By Zachary Roman
As news broke on Sept. 26 that seven new cases of COVID-19 in Toronto have been linked to the Yonge Street Warehouse, many Ryerson students have been left wondering: whomst the fuck?
Front-line workers continue to put themselves in danger every day and anyone with the slightest shred of care for anyone other than themselves is following COVID-19 safety protocols as best they can. But there really do be folks out there ruining it for everyone in the name of $5.95 mac ‘n’ cheese that tastes like it was purposely microwaved with the plastic wrap still on to add some flavour.
“I just have such a hard time making Kraft Dinner, I never pour the right amount of milk in,” said Tom Masboy, a third-year sport media student. “At Warehouse I can get the same quality of dinner—but made correctly—for only five times the price.”
Masboy said the risk of catching COVID-19 was never a consideration when making his choice to go to the popular downtown restaurant. Growing up, Masboy never once cooked a meal for himself since he was always at hockey practice with the boys. He has never used the kitchen in his apartment because he converted it into a studio for his hockey podcast, “Bar Down Beauties.” Due to these factors, Masboy viewed going to Warehouse as “essential.”
“I wish my mom never made me move out,” said Masboy. “If she’d just meal prep for me on my Sunday visits like I ask her every week, I would never have gotten into this mess in the first place.”
Anton Ego, an internationally-renowned restaurant critic, genuinely cannot understand why anybody would ever visit a Warehouse under any circumstances. “At a restaurant like Gusteau’s in France, one bite is enough to evoke visceral memories of the happiest part of my childhood,” said Ego. “At a restaurant like Yonge Street Warehouse, one bite is enough to invoke a debilitating case of food poisoning that will take weeks, possibly months, to pass through your body.”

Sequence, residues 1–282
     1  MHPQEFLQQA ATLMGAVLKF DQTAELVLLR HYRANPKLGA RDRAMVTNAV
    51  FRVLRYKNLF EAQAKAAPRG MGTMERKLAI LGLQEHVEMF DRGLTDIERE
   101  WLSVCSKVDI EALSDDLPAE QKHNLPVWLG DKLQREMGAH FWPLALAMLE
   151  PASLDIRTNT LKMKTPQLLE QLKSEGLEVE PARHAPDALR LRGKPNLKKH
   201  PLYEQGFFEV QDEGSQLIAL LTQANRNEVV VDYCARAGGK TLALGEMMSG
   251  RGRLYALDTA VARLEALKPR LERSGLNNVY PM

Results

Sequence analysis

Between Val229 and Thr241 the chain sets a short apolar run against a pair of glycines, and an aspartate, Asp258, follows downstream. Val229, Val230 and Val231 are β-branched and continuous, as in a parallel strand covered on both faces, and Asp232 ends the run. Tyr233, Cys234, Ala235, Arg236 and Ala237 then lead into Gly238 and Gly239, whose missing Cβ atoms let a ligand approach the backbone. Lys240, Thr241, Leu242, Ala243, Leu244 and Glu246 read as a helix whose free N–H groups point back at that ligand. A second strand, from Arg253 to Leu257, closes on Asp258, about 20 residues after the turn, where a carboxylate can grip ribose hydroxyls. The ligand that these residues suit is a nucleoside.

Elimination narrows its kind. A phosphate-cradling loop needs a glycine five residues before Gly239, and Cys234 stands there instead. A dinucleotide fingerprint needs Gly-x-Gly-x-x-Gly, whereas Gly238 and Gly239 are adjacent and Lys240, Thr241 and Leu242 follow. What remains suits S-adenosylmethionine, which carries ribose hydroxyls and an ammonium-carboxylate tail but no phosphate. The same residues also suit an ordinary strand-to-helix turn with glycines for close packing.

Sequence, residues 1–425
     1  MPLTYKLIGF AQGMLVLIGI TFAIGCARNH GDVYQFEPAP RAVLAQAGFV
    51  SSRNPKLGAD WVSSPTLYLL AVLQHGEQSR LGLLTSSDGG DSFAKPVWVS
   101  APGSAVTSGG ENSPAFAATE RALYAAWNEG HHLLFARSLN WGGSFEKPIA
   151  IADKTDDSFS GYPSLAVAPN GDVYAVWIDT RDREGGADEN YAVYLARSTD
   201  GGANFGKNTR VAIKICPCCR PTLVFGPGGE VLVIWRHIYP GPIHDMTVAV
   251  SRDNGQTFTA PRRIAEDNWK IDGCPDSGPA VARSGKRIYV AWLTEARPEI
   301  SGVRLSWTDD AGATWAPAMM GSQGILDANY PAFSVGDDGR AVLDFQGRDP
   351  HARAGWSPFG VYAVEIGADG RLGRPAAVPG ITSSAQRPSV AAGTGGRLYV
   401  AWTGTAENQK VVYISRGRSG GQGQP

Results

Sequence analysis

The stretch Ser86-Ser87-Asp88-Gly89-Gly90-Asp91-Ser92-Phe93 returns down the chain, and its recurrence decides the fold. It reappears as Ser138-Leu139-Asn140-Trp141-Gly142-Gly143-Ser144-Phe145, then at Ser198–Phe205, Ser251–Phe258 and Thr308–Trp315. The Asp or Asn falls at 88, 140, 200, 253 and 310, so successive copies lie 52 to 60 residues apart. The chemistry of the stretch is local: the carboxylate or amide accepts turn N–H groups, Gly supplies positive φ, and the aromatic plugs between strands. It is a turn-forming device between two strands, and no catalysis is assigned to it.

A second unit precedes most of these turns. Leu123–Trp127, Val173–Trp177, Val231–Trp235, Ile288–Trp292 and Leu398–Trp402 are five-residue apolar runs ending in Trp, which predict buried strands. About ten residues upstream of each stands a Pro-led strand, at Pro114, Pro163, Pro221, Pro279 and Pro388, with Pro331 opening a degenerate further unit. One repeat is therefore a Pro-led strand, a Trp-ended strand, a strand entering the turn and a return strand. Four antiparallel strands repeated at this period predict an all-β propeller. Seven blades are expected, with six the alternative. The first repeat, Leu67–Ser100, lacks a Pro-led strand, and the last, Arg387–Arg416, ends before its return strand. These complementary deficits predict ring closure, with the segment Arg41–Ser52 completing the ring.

“I have an incredibly high fever but it is literally just the flu, you absolute cretin, you bumbling sheep, you hippie, communist, shithead”
Surprisingly, some Ryerson students who know how to cook still decided to go to Warehouse during the middle of a global pandemic. One such student went to the restaurant in search of love.
“I told shordy to come thru for a date night. When I brought us to Warehouse, she was bare disgusted and dipped, ” said Ron Tomanns, a caucasian film student from Parry Sound who thinks appropriating language is a personality trait ever since he read Narcity’s Ultimate Guide to Toronto Slang For Everyday Situations. “The only bad ting going on that night was my date idea styll. On god, mans is a Raptors fan but I struck out like Grichuk that night, JHEEEEEZ.”
Tomanns said he spent the rest of the night drinking $9.75 Warehouse Coronas (an actual drink on their menu whose name has aged terribly) to drown his sorrows. He said living with the shame of his failed date attempt combined with his fear of catching COVID-19 from the new outbreak has left him distraught. “I can’t look in the mirror anymore without thinking, ‘who’s dat?’” said Tomanns.
While Warehouse may not be the best place to find a good meal, love or music that is played at a reasonable volume at 3 p.m. on a Monday, some students who went there felt it was the best place to protest “the oppressive communist Canadian government forcing us to wear masks.”
“Trudeau says wear your mask over your nose but it may as well be over your eyes because you can’t see the truth,” said Dee Nye-Err, a first-year politics student who is a registered People’s Party of Canada member. “I have an incredibly high fever but it is literally just the flu, you absolute cretin, you bumbling sheep, you hippie, communist, shithead.”
Nye-Err denies being responsible for spreading COVID-19 to the Warehouse staff members who were just trying to pay their overpriced rent in this godforsaken city. She was later seen leading the recent anti-mask protest in Yonge-Dundas Square.